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BRIEF REPORT
Year : 2014  |  Volume : 10  |  Issue : 8  |  Page : 314-318

Clinical analysis of acute lung injury after esophagectomy


1 Department of Cardiothoracic Surgery, Yuhang Hospital, Hangzhou Normal University College of Medicine, Hangzhou 310003, China
2 Department of Thoracic Surgery, First Affiliated Hospital, Zhejiang University, Hangzhou 310003, China

Date of Web Publication17-Feb-2015

Correspondence Address:
Aizemaiti Rusidanmu
Department of Thoracic Surgery, First Affiliated Hospital, Zhejiang University, Qingchun Road 79, Hangzhou 310003
China
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Source of Support: None, Conflict of Interest: None


DOI: 10.4103/0973-1482.151541

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 > Abstract 

Objective: Acute lung injury (ALI) is one of the most severe postoperative complications after esophagectomy for esophageal cancer patients. In order to clarify the mechanism of ALI, we, therefore, studied the operative course of a group of patients who underwent elective esophagectomy.
Materials and Methods: We retrospectively analyzed 75 patients underwent an esophagectomy and reconstruction for thoracic esophageal cancer.
Results: No statistically significant differences were observed between the two groups regarding their clinical backgrounds, such as their age, smoking index, preoperative pulmonary function, the location of the main tumor, and the tumor nodes metastasis stage. Operative time is thus considered to be a significant factor. The odds ratio (OR) of ALI in cases whose preoperative pulmonary function was 6.70 in comparison to the abnormal preoperative pulmonary functions. The OR for more intraoperative bleeding (>1000 g) was 0.83, compared with a lesser intraoperative bleeding although the difference was not statistically significant (P = 0.076). Anastomotic leakage occurred in four patients (44%) in Group I while it only occurred in two patient (6%) among the 33 Group II patients (P = 0.011).
Conclusion: Greater surgical stress, such as a longer operative time, is thus considered to be associated with the first attack of ALI. The adverse events developing in the extrathoracic site, such as necrosis and local infection around anastomosis may, therefore, be the second attack. Furthermore, ALI may cause not only systemic inflammatory response syndrome but also other complications such as anastomotic leakage.

Keywords: Acute lung injury, complications, esophagectomy


How to cite this article:
Wu Wc, Wang Y, Wang X, Rusidanmu A. Clinical analysis of acute lung injury after esophagectomy. J Can Res Ther 2014;10, Suppl S4:314-8

How to cite this URL:
Wu Wc, Wang Y, Wang X, Rusidanmu A. Clinical analysis of acute lung injury after esophagectomy. J Can Res Ther [serial online] 2014 [cited 2020 Oct 28];10:314-8. Available from: https://www.cancerjournal.net/text.asp?2014/10/8/314/151541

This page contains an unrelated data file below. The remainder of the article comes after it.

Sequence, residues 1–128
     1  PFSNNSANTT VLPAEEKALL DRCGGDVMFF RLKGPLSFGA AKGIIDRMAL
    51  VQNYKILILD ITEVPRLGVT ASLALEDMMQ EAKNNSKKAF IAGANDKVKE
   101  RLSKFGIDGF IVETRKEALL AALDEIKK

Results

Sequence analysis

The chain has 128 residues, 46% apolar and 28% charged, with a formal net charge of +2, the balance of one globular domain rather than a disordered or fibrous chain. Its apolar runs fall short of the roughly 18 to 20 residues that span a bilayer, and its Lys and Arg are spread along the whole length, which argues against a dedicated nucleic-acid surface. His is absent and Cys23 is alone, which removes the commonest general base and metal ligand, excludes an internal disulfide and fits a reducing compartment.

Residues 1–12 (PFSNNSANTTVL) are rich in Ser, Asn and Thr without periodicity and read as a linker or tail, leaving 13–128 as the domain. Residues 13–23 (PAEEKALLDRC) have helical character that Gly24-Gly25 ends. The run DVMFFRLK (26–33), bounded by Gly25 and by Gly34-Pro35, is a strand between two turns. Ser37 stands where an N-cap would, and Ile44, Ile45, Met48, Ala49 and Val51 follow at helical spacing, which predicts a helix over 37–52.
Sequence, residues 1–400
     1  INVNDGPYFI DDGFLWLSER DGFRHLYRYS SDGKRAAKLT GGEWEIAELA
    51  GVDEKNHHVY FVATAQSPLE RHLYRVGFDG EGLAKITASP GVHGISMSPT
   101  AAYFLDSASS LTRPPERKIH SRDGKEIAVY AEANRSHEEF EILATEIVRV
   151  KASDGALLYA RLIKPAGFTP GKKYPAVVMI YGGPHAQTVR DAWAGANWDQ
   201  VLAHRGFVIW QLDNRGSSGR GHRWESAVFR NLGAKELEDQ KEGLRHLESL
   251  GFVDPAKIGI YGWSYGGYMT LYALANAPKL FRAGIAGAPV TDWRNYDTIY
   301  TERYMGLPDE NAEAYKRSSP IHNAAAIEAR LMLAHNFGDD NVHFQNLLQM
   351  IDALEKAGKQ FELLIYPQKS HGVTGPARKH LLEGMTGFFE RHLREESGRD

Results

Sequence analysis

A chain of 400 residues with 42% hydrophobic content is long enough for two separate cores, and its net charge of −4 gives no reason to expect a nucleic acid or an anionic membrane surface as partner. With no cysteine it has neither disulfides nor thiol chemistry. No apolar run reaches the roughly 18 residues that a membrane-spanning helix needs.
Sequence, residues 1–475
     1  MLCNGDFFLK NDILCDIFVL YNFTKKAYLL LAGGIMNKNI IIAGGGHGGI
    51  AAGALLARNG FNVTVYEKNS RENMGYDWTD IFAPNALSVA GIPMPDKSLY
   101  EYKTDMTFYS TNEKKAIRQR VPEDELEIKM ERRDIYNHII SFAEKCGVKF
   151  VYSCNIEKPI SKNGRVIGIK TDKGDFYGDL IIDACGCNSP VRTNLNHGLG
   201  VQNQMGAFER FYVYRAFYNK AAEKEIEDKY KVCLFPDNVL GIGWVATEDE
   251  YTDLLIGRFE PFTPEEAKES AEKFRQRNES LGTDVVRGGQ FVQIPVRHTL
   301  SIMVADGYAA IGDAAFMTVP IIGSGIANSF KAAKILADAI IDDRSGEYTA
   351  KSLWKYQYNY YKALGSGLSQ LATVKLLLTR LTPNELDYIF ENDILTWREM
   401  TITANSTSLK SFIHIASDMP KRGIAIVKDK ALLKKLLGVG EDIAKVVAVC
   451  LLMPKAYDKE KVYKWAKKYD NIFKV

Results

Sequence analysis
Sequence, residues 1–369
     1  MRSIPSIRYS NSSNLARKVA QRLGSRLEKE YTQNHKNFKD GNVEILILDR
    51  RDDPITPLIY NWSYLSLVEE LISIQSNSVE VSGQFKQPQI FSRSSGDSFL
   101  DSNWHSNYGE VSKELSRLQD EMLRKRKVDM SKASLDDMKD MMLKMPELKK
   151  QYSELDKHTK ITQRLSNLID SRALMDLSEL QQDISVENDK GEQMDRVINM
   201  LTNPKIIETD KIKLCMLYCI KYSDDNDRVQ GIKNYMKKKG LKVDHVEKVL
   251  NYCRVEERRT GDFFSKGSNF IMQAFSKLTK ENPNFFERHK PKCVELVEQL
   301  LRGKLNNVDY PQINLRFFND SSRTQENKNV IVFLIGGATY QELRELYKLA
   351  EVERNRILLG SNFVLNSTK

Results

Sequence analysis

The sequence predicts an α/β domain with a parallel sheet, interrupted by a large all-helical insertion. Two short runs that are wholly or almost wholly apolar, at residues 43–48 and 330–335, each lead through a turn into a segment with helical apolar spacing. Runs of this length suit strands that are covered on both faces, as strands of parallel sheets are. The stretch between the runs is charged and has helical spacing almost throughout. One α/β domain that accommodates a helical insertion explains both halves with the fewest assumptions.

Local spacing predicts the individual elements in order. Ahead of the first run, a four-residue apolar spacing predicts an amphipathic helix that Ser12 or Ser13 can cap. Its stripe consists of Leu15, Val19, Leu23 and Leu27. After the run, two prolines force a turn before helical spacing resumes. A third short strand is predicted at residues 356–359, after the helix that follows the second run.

> Introduction Top


Esophageal cancer is a devastating disease. Although some patients can be cured, the treatment for esophageal cancer is protracted, diminishes the quality-of-life, and is lethal in a significant number of cases. [1],[2] Prognosis of esophageal cancer is generally poor because of its biological aggressiveness and anatomic characteristics. [3] Esophagectomy, the surgical removal of all or part of the esophagus, is a surgical procedure that is associated with high morbidity and mortality. Pulmonary complications are an especially important postoperative problem. [2] Therefore, many perioperative strategies to prevent pulmonary complications after esophagectomy have been investigated and introduced in daily clinical practice. [4] In order to improve the prognosis, an extended radical esophagectomy with radical lymphadenectomy is often performed, however, this treatment modality may also increase the amount of surgical stress. Among the postoperative complications, pulmonary complications as well as anastomotic leakage tend to be the most critical. [5],[6] Acute lung injury (ALI) and acute respiratory distress syndrome (ARDS) are well-established conditions which sometimes occur as a response to various kinds of surgical stress. ALI is frequently observed and reflects various kinds of pulmonary complications after esophagectomy. ARDS, in particular, is considered to be the most severe type of ALI and is sometimes fatal: The mortality rate after a transthoracic esophagectomy has been reported to be 78%. ALI and ARDS are still life-threatening diseases in esophagectomy patients. [7] They are the manifestations of an inflammatory response of the lung to both direct and indirect insults and are characterized by severe hypoxemia, hypercapnia, diffuse infiltration in the chest X-ray, and a substantial reduction in pulmonary compliance.

A detailed description of the pathogenesis of ALI on different levels (Cellular, molecular, and so on) was published previously. [8],[9] The pathogenesis of ALI after an esophagectomy is still unclear. Major surgery induces a systemic inflammatory response syndrome (SIRS). High levels of pro-inflammatory cytokines interleukin-1 (IL-1) β,-6,-8,-12, tumor necrosis factor alpha and interferon gamma play an important role in the occurrence of the inflammatory response as well as lung injury. Among these cytokines, multiple groups reported that IL-8 in the pulmonary airspaces contributes to the occurrence of pulmonary complications after an esophagectomy or ARDS in high-risk patients. On the other hand, the increased secretion of IL-1 β and tumor necrosis factor-α (TNF-α) in lung alveolar macrophages activates neutrophils, thus leading to tissue damage and an increase of these cytokines in the lung is considered to play an important role in the occurrence of pulmonary complications. Pleural drainage fluid is easily collected from postoperative patients, and the cytokine levels of the fluid are considered to accurately reflect a pulmonary cytokine condition. However, the relationship between cytokines in the pleural effusion and the occurrence of ALI has never been evaluated.